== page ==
The U.S. Justice Department's decision not to prosecute Goldman Sachs for its subprime mortgage trades resulted from either 'weak laws or weak enforcement', the senator who asked for a criminal investigation of the firm said on Friday.
Reuters reports that a day after the department announced its decision, Democratic Senator Carl Levin reiterated in a written statement the criticisms he lodged against Goldman beginning more than two years ago. He called the firm's actions 'deceptive and immoral'.
In the meantime, Bloomberg reports that JPMorgan Chase and Citigroup were among the banks sued by the Federal Deposit Insurance Corp. over $388m in securities sold to Colonial Bank.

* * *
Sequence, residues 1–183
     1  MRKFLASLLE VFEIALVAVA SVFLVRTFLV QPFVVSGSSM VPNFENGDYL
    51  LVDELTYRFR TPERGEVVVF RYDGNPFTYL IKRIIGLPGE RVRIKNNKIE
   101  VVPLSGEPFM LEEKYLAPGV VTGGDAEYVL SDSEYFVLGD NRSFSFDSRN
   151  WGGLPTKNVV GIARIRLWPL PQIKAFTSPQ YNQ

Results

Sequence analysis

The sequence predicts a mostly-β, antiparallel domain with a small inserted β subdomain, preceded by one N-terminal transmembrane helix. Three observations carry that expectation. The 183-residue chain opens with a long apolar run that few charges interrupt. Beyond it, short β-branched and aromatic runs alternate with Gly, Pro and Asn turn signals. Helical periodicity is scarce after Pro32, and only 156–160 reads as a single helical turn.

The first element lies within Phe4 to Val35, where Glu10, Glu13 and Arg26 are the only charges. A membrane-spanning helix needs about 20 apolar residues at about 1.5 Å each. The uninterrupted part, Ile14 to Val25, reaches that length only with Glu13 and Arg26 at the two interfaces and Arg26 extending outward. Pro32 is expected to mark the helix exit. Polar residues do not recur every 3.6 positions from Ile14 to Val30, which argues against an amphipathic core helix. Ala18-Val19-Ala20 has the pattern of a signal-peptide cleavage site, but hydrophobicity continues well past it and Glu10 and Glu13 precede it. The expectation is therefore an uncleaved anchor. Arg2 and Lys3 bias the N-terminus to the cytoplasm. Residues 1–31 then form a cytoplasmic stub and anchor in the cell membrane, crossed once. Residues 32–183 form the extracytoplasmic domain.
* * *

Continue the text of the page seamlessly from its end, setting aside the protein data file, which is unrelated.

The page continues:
The FDIC alleged that the banks misrepresented the quality of the loans underlying residential mortgage-backed securities that Colonial purchased, according to a complaint filed in federal court in Manhattan.
And the news organisation also reports that Sandler O’Neill & Partners, the 24-year-old investment bank that focuses on financial clients, fired about 20 people in units including trading and deal advisory, said people with direct knowledge of the decisions.
Phil Smith, who had been deputy head of global investment banking, will take on the role of chief financial officer at the unit.